Freek has been actively carrying out production research for the last 15 years. Their driving force has been the conviction that the production location Germany has two significant competitive advantages: an outstanding education system and an equally outstanding research environment. Freek has made best use of both these advantages and created a top team with its scientific partners.
The distinguishing features of this team are its high levels of cooperation and communication competency, the ability to work independently and take responsibility, and an intrinsic drive for innovation. The team enables us to cooperate successfully and lastingly both internally, as well as across cultural and state borders, and to subject our organisation and production to a process of dynamic change and continuing development.
See here what scientists are saying about Freek.
Because of is its success in the research field Freek is often asked to join panels of judges and think tanks. Thus, Freek was recently involved in the configuration of Production Research 2020, the future Federal Ministry of Education and Research (BMBF) framework programme.
Watch the intro to the new framework programme (including statement by Freek) here soon.
At the (PTKA) Karlsruhe Talks in March 2010 Freek was one of two examples of Best Practice used to illustrate the theme Corporate development – the future challenges of organisation and HR management.
On 23. February 2011 the fourth report of the expert committee Research and Innovation (www.e-fi.de) has been handed over to the German Federal Government. Freek is one of two company examples which show that it makes sense to include small and medium-sized companies into innovation- and sponsor related policy considerations as well. For even without doing fundamental, applied or experimental research, these companies achieve considerable innovation success and thus hold economically important productivity potentials.
The collaborative research project Low2High in which Freek participated from 2008 to 2011 can be seen in this context. The objective here was to close the gap between general research on innovation cooperation activity and the low-tech/high-tech debate and to put the outcomes to fruitful use both in practical terms for the company and from an innovation policy perspective. Within this research, Freek's specific project focused on the customer interface with high-tech producers, with a view to joining up with them to achieve concrete product innovations.
This form of cooperation by a company that is by definition not research-intensive with high-tech partners is in line with the ‘high-tech strategy’ of the German federal government, since high-tech businesses require a functioning network of cooperation and supplier partnerships, including low-tech enterprises, in order to viably produce and market their high-tech products. In turn the high demands placed on such products and the high-tech customers' continual striving for innovation pose a challenge to their low-tech partners that serves to improve their technological and organisational connectivity, and not least the level of innovation of their products.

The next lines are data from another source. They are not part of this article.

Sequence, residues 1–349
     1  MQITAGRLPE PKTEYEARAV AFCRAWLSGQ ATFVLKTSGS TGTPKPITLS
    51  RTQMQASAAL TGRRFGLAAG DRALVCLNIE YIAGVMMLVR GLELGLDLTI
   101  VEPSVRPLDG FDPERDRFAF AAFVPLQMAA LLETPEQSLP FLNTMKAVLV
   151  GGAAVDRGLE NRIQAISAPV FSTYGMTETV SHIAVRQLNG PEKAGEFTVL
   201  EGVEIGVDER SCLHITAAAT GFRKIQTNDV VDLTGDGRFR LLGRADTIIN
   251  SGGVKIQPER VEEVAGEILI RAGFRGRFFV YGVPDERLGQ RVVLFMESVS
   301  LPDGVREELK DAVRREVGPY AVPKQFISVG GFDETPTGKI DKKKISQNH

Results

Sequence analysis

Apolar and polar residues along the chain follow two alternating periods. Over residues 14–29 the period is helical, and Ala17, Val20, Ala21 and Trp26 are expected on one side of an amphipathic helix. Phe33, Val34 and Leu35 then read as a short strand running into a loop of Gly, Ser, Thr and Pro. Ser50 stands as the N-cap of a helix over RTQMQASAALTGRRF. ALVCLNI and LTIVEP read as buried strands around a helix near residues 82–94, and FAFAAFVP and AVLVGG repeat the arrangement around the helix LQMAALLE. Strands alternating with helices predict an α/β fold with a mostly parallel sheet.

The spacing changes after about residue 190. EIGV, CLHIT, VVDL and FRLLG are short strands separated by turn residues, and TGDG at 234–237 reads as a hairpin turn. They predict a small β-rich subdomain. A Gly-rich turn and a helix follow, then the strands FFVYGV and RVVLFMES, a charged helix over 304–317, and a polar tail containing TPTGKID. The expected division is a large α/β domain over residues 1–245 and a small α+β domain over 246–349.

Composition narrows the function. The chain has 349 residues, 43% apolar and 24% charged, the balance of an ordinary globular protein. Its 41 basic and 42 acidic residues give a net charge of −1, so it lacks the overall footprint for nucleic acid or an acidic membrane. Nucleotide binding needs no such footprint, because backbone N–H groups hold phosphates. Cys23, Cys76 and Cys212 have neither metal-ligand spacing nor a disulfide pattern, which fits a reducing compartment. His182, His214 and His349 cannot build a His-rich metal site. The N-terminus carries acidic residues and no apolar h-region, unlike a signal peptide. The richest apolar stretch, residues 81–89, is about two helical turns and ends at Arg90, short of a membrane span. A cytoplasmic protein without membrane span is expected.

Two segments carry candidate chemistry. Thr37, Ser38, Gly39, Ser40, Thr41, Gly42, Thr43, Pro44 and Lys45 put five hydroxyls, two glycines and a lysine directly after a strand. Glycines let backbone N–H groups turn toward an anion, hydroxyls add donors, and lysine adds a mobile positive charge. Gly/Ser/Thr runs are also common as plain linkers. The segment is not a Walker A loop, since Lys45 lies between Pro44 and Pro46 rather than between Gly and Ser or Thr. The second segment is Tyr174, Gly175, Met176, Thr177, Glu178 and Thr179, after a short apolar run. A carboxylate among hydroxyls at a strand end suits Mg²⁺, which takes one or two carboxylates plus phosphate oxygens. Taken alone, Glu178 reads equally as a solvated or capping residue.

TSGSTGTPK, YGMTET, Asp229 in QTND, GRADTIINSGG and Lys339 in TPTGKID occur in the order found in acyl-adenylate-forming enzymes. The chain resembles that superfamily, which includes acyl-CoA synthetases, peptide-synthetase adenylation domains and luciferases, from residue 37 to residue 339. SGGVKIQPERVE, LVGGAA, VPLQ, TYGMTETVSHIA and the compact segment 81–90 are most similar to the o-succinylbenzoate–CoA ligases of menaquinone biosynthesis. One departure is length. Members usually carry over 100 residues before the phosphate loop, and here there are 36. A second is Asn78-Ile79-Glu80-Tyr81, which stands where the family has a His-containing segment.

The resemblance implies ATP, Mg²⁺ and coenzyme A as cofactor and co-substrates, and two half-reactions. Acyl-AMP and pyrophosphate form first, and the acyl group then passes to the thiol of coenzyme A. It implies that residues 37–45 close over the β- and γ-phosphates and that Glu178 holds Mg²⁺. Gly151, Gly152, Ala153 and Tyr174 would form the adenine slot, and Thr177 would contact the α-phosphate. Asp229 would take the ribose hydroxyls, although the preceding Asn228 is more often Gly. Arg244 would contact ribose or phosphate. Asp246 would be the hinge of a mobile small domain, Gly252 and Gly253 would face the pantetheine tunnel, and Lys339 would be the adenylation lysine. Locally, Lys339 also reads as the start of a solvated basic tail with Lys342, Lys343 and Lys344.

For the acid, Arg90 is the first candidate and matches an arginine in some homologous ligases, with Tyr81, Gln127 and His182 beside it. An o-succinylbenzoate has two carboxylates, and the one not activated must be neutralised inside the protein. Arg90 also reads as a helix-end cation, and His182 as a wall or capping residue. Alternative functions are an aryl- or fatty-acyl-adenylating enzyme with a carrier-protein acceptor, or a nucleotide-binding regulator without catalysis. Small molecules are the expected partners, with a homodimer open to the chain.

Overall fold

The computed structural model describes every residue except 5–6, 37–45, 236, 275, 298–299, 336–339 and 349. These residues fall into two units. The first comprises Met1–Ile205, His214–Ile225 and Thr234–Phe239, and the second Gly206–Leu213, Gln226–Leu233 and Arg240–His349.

With StraKosphere, from 2014 to 2017 Freek again participated in the scientific and policy-making discourse on the role of non research-intensive companies in Germany as a high-tech location. After all, however plausible the high-tech strategy of the German government and for all the euphoria of Industry 4.0 may be, the 75% of non-research intensive small and medium-sized enterprises, which provide 50% of jobs in industry, must not be neglected (source: Fraunhofer ISI). These also have a distinct purpose in high-tech Germany: they are integrated in many ways with the high-tech companies, either as suppliers and innovation partners or as users of technical innovations. They offer ‘unskilled’ manual work and quick-to-learn skills and are thus an important employer for the number, sadly still too high, of unskilled or difficult-to-integrate employees on the labour market. The many immigrants should also not be forgotten, most of whom do not have qualifications or vocational training recognised in Germany and who are therefore also reliant on the availability of unskilled jobs.
Within the programme of the Federal Ministry of Education and Research (BMBF), ‘Work - learn - develop competence: capacity for innovation in a modern world of work’, with StraKosphere Freek made a specific contribution to the funding priority area ‘Operational competence management during demographic change’.
It is now more important than ever to recognise the challenges that are arising from the interactions between demographic change and the modern world of work, to research them and to shape them. In doing this, the identification, development and use of skills within the company gain in importance. This includes new models of work organisation, new concepts in personnel policy orientated to life circumstances, and also new strategies for company-specific competence management. As a result, a focused development of competence and performance among the workforce, from the start of their careers through to their retirement should be ensured (see programme funding priority 2.3).
On the second Basic Education Day (Grundbildungstag) for North Rhine-Westphalia (NRW) on 14/11/2016, Wolfgang Kaiser gave a presentation to the social partners in NRW and representatives of the state government, including Sylvia Löhrmann (at that time the minister for schools and education and deputy prime minister of the federal state of NRW) and Rainer Schmeltzer (at that time the minister for work, integration and social affairs of the federal state of NRW) on how Freek is developing basic and technical competence among the workforce through practical networking with the local adult education centre .
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